Without the Clause, they would find themselves in a very difficult position under the 1956 Act if they responded to the requirements of the Board and attempted, in the public interest, to hold down prices. It is true that when the 1956 Act was devised its purpose was to serve the public interest, but at that time I do not think that anybody could foresee the steps which we are now 1589 taking and the day when firms and associations would voluntarily be prepared to agree to hold down prices in response to the recommendations of a body set up by the Government, with the agreement of both sides of industry.
In other words, in 1966 we are dealing with a situation which was not foreseen 10 years ago and we must recognise that without Clause 24 there would be a conflict of public interest. In these circumstances we should find that much of what we are trying to do on the prices side, with the general approval of the House, would be frustrated.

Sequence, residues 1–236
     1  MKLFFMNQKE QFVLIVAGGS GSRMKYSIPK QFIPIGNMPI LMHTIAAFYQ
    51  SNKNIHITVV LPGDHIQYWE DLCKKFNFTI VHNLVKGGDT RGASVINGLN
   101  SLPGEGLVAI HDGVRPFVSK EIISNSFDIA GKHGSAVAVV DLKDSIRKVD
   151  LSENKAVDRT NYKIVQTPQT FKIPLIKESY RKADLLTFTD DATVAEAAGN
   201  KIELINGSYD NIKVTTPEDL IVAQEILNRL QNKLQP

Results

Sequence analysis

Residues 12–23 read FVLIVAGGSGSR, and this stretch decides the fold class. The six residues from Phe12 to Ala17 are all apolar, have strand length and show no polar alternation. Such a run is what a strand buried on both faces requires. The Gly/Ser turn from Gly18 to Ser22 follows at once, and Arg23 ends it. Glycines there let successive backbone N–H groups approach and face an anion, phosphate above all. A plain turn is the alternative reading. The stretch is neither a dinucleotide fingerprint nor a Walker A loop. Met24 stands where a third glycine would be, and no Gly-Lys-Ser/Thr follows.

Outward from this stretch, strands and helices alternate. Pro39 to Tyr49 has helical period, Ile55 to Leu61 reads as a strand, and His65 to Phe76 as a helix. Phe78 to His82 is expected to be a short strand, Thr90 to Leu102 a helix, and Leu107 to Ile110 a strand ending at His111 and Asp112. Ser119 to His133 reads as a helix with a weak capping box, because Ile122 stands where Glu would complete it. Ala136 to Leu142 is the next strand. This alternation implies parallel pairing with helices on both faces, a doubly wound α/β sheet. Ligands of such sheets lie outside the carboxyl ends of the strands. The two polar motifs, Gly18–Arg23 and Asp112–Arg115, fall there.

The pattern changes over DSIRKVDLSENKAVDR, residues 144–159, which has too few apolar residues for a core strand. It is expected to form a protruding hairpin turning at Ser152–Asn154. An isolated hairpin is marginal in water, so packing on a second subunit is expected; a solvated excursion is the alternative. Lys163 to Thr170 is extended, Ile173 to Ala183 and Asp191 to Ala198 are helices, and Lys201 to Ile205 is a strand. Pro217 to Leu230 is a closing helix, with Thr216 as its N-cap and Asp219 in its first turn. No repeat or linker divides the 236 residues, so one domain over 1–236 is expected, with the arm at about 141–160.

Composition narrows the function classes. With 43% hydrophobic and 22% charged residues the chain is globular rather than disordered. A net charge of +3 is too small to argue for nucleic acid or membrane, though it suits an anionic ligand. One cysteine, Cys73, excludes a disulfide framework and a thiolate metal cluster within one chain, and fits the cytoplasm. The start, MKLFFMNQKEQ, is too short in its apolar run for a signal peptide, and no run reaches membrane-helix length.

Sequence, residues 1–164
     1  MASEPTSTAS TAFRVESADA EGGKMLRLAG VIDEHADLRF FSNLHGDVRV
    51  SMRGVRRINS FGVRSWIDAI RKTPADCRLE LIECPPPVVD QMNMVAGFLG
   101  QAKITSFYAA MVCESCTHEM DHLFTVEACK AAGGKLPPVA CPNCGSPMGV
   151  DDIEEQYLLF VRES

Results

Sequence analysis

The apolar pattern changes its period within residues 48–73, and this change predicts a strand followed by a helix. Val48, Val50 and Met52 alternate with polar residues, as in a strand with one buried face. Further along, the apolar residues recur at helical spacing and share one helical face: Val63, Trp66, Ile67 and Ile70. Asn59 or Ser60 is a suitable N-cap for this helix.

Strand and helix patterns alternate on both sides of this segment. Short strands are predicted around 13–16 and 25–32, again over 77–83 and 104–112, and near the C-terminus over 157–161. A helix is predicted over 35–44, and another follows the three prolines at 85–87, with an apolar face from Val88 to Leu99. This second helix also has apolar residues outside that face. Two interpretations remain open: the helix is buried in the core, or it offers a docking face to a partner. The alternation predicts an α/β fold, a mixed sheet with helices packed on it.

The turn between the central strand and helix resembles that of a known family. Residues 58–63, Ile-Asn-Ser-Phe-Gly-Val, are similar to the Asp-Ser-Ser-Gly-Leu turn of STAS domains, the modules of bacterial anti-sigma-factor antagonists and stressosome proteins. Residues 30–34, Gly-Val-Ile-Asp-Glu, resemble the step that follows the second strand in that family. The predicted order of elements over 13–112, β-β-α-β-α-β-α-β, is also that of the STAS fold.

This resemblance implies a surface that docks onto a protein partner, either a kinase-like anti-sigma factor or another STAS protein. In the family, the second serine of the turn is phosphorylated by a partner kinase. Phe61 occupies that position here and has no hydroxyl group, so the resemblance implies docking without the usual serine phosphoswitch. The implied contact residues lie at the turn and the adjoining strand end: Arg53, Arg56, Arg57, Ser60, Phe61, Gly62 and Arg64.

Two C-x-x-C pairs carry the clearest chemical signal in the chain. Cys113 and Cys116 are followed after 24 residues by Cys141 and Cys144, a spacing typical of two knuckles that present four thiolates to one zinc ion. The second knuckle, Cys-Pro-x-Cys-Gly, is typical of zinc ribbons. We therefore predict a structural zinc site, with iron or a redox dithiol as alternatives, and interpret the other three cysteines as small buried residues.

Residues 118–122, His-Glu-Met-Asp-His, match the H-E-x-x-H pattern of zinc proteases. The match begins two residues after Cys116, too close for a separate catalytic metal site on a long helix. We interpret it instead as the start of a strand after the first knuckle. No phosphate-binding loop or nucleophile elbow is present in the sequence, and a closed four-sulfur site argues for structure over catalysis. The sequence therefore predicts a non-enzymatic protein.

§ Mr. Higgins
The dilemma which the hon. Gentleman poses would arise only if two Government bodies were to adopt two quite different interpretations of what the public interest was. The Amendment provides merely that an agreement should be registered. Obviously, it would be referred only if there seemed to be some inconsistency. In the circumstances, is it not right that such inconsistency should be resolved by the Restrictive Practices Court?
§ Mr. Rodgers
The Amendment goes further than that. Not only does it restore the position to what it would be if there were no Clause 24 but it puts an obligation on Ministers to ensure that a price recommendation is registered. In the other situation, this is not so. If the Amendment were accepted we would go a stage further than the status quo, so to speak, requiring the parties concerned in a collective agreement adopting a recommendation of the Board to register that agreement and, in addition, putting an obligation on two Ministers to ensure that this is done.
I am happy to give again the assurance that, of course, we shall do nothing which is not within the spirit of the 1956 Act. I hope that the hon. Gentleman will accept the undertaking which I gave in Committee, and will not press the Amendment to a Division.
§ Amendment negatived.